I see dance as a language. I want to inspire students to have the confidence to express themselves and to find their voice through movement.
I work with 750 elementary students at four different schools, which stretch from downtown LA to Sylmar in the North Valley. My students are not only dancers but choreographers, scholars, and critics. We are always improvising new movement possibilities, taking risks, and sharing our work. Our lessons are often aligned with what the students are learning in their academic classes. If they’re studying geometry, we’ll explore symmetry. If they’re studying engineering, we’ll use crates and blocks to build architecture for our dance. Some students start class with a rigid right/wrong mentality and a fear of taking creative risks. I see that as a by-product of a learning environment driven by mandated testing. My class is like therapy for overtested, overstressed kids.
Dance has a beautiful way of encouraging self-expression and creativity in all students. Children who may have trouble in the typical classroom setting can succeed in dance, and teachers can see struggling students in a different light when I tell them how brilliantly they are doing in my class.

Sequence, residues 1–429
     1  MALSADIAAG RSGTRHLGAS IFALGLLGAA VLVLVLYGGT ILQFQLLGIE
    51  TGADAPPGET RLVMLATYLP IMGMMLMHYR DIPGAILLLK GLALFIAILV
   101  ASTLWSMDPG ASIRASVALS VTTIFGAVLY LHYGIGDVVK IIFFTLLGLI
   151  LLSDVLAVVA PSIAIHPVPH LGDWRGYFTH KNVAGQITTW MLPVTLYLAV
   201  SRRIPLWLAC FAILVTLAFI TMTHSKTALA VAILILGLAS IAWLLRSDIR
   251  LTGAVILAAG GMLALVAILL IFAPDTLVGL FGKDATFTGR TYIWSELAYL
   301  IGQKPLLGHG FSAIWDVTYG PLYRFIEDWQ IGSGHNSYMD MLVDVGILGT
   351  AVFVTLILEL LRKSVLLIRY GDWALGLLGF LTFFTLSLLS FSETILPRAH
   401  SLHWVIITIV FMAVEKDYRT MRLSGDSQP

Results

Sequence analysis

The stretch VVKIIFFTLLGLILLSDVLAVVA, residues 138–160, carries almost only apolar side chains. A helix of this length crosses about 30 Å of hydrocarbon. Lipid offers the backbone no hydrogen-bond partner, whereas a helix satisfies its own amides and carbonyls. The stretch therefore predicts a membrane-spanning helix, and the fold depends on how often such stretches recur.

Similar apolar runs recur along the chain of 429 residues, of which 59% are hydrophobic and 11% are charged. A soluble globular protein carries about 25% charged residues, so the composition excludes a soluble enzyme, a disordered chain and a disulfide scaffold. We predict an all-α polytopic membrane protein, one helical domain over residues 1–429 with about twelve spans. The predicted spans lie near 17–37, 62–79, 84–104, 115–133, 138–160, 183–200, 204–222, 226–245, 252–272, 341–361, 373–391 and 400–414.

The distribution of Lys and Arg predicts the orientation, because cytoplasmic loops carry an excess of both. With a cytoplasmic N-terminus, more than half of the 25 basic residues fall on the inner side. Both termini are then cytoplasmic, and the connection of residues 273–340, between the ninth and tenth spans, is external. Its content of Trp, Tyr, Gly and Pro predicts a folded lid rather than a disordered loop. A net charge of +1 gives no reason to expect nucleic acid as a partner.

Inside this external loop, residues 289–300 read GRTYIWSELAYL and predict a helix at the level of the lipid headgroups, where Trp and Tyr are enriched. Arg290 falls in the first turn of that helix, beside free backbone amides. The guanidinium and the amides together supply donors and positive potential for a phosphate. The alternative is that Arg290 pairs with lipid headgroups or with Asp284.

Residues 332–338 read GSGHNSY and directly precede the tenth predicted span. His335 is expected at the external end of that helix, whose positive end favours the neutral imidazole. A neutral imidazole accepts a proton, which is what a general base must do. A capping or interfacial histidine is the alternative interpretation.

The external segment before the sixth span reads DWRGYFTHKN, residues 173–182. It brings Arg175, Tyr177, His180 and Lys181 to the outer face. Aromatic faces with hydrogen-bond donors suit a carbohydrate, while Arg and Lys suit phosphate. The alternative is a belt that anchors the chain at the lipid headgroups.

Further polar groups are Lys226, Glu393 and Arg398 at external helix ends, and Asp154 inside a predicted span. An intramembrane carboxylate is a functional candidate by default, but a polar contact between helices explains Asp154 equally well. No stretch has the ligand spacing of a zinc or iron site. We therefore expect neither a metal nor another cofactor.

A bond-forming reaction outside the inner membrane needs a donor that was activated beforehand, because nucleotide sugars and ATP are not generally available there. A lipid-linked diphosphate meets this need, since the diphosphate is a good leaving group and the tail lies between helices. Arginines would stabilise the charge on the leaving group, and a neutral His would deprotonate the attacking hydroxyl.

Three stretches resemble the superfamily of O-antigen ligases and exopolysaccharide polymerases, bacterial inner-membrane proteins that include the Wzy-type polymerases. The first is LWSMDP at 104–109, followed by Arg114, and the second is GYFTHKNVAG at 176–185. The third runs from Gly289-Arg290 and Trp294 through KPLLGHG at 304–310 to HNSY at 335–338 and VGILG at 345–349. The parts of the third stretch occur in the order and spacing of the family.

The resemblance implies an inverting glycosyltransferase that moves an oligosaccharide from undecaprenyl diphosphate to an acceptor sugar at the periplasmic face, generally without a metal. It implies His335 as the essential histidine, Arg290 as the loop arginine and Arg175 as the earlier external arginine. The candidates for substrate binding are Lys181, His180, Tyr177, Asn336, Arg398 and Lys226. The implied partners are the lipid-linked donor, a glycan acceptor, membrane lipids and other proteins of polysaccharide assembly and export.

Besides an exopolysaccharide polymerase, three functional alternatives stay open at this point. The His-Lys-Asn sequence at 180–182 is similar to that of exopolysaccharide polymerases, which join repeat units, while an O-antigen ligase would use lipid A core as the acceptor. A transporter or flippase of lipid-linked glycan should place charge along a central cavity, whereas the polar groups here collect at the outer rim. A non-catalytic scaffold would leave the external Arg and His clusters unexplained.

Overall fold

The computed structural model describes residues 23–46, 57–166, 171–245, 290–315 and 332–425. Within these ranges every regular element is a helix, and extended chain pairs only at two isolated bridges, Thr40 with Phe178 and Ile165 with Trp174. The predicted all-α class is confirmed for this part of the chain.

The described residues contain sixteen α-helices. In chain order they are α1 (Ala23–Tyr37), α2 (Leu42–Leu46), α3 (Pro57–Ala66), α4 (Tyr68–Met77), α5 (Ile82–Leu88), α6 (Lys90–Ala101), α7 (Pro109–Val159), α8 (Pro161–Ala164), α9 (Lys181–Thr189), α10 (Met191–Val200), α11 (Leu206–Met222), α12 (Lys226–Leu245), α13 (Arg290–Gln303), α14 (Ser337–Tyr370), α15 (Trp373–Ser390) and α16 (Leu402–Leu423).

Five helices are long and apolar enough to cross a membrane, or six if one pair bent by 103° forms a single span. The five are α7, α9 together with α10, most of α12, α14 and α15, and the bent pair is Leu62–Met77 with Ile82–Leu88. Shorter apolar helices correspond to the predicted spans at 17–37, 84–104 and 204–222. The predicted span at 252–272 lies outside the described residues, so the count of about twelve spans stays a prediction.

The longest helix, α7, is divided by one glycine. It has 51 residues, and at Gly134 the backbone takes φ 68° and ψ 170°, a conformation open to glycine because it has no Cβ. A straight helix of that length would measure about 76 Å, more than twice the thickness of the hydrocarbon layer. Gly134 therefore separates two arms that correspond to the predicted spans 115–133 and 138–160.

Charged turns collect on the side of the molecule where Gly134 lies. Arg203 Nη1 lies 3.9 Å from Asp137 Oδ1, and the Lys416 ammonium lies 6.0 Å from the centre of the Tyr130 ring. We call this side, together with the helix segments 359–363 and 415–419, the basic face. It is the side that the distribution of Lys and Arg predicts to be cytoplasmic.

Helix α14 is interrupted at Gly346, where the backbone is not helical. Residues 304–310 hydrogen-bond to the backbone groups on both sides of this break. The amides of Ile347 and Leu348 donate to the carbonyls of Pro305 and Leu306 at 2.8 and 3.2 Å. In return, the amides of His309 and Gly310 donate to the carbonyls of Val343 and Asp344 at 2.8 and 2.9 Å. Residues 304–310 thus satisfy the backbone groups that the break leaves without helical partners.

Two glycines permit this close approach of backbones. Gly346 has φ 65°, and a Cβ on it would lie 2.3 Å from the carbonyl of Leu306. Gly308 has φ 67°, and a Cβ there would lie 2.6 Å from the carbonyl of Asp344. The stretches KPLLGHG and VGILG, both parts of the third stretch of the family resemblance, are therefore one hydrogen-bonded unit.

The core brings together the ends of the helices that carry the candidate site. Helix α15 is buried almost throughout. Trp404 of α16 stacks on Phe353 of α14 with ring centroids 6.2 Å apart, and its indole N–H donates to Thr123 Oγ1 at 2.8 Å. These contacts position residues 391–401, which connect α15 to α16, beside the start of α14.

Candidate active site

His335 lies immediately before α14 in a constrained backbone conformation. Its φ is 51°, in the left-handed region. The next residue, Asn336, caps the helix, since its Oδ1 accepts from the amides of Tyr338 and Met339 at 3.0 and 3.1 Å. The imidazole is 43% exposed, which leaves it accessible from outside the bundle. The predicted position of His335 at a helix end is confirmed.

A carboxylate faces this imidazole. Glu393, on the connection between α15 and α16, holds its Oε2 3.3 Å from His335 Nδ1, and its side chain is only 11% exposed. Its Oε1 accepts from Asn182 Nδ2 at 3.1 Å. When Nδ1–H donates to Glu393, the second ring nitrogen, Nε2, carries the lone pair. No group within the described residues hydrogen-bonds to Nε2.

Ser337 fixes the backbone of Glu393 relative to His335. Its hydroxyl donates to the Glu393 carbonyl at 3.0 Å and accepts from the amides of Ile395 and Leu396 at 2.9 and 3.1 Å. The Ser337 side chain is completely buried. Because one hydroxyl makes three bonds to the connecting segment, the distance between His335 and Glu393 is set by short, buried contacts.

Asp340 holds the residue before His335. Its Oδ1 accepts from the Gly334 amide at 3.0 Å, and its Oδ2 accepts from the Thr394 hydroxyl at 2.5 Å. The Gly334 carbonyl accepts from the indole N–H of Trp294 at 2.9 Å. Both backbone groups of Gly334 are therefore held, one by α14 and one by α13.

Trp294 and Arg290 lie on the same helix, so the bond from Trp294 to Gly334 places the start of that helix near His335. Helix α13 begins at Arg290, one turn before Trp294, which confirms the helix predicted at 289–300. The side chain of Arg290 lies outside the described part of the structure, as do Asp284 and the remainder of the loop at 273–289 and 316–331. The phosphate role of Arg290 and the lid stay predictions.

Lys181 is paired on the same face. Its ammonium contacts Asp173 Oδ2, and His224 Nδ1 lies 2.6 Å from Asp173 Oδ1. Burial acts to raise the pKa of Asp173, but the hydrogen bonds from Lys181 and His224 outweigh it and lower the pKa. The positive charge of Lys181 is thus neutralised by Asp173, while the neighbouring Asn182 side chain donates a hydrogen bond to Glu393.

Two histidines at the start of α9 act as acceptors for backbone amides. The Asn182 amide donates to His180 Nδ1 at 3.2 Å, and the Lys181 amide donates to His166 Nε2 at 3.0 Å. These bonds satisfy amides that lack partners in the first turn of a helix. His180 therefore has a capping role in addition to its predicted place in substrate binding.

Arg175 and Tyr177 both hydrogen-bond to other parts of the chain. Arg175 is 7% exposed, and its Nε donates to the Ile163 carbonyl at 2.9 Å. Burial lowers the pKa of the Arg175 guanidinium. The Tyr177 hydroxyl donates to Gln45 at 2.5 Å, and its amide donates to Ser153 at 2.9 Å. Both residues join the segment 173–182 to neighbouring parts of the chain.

I watch children come alive in my class, and I get frustrated that not all students have access to dance and other arts. There’s so much research on how access to the arts improves academic performance and lowers drop-out rates—yet some people think that dance class is a privilege. It’s not a privilege, it’s a right, and expanding dance and arts education in underserved communities is about social justice.
Have a similar story, know someone who does or have feedback on this story?
Read more stories: